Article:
For me the downfall of niche blogging is that I would need to be an expert or have a strong interest in one area…and I don’t. I tend to know a limited amount about a variety of things, so a niche blog won’t work for me. I’m just not a detail guy.
In one respect I wish that I were a detail person so that I could take one topic and dive into it in detail, then over time I would become an authority on the topic which would likely be helpful for generating traffic.
The one positive about not having a niche blog is that I can respond to trends, news or whatever peaks my interest whereas a niche blog is bound to it’s topic.
I don’t even blogging about niche..basically and blogging about what I love. I love technologies and musics as well. But at the some time I’m blogging about my life, the most special is my precious “Long house” experience.
@RandomThinker: I can definitely identify with you on that – it took me a year of semi-daily blogging on anything that interested me (which is just about everything) to figure out that there actually is a niche that I know a lot about, and something that I’m passionate about exploring.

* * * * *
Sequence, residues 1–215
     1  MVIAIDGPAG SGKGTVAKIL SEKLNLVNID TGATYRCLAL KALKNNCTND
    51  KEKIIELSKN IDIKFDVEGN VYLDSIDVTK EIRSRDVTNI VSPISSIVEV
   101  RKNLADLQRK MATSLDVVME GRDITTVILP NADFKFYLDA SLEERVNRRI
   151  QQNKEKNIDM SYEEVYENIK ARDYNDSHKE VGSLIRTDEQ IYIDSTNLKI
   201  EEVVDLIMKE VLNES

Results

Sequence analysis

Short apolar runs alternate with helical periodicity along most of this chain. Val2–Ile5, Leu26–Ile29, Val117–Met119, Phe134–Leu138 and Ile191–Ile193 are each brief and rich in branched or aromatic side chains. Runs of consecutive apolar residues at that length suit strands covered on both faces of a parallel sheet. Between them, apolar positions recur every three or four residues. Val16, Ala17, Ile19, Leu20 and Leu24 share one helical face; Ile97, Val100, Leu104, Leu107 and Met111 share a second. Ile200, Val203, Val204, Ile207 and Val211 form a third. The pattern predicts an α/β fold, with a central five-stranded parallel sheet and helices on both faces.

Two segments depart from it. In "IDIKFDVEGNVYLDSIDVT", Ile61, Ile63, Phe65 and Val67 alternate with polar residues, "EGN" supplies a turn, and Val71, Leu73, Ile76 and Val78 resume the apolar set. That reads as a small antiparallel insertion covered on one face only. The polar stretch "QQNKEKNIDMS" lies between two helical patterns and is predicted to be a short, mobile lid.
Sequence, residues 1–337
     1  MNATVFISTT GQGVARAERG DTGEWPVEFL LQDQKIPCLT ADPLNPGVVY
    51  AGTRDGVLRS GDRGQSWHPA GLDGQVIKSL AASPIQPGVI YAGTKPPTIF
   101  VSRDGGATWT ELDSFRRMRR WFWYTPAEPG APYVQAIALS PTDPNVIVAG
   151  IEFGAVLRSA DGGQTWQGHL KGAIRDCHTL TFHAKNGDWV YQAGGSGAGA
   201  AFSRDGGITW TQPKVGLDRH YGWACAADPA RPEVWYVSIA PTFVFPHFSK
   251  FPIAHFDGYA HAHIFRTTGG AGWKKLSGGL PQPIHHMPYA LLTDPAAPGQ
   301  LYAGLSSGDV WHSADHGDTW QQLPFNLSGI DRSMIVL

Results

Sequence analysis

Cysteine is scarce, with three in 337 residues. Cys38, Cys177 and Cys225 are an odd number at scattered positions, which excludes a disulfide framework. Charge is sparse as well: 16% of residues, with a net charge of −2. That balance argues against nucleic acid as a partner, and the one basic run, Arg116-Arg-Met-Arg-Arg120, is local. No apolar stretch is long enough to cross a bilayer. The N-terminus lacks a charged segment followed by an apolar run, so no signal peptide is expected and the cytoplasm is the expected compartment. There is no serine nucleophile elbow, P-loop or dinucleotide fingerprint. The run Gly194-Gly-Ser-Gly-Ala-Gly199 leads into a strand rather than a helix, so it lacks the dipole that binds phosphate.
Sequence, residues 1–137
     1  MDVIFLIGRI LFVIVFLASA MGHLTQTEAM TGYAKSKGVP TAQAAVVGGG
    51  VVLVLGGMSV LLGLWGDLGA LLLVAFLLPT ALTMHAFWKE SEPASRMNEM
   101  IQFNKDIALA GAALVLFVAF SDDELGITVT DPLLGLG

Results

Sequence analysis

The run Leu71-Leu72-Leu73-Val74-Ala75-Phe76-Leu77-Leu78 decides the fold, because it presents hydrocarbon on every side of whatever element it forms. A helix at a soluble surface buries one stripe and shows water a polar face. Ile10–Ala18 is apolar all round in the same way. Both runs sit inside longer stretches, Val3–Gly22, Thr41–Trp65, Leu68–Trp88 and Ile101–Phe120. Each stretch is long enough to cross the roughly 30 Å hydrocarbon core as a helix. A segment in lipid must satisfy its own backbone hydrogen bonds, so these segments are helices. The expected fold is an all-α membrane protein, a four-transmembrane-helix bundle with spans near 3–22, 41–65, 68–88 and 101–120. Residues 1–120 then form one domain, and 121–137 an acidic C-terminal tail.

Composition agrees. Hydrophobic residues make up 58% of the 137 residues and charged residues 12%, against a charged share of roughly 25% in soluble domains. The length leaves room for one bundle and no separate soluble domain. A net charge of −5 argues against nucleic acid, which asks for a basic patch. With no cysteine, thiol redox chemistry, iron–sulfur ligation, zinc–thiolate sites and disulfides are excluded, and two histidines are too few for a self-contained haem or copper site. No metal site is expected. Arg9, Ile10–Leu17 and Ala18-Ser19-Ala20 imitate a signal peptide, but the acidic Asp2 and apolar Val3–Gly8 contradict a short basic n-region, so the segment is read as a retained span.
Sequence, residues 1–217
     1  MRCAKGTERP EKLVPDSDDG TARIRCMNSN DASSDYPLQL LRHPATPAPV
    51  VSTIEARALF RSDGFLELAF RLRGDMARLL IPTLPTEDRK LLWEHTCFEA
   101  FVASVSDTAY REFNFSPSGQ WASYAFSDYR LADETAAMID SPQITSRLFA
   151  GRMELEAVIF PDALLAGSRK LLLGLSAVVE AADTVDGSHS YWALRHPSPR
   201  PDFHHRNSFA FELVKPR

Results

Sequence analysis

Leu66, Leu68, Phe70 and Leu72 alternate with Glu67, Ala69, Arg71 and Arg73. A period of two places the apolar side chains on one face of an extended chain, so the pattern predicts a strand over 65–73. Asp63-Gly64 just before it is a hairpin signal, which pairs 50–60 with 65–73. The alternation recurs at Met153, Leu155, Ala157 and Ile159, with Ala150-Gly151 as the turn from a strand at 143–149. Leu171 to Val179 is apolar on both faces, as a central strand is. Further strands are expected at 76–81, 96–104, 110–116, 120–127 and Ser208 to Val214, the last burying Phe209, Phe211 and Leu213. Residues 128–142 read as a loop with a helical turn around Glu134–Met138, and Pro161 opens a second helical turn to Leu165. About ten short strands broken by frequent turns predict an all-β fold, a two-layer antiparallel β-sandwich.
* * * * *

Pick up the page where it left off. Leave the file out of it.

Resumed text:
In my case, I discovered my niche only because I was reading other niche blogs in that category and found that on certain subjects (diet and exercise) I was writing long comments in response to articles that I was interested in. I thought, “I never realized that I know so much about this through my own lifelong experience, or for that matter, that I cared this much.”
Had you asked me a year ago, I would have had no clue that I’d be doing what I am now (http://www.almostfit.com). So my thought is, by participating in blogging communities, you may just find that niche that you can get into. Good luck!
Thanks for all the comments, everyone :)
This is my first guest post on any blog, and has been a great experience.
I’m impressed with the quality of the replies given. Everyone has clearly thought about the comments and they should prove useful to all the readers.
I really do think Niche Blogging can be rewarding. In fact, so much so, I’ve created yet another blog on that very subject!
Keep the comments coming.
Hi, if you want to use Adsense does that mean you have to host the blog yourself rather than use the sites provided by wordpress or google, and if so what software would you recommend that doesnt need complex installation on the server.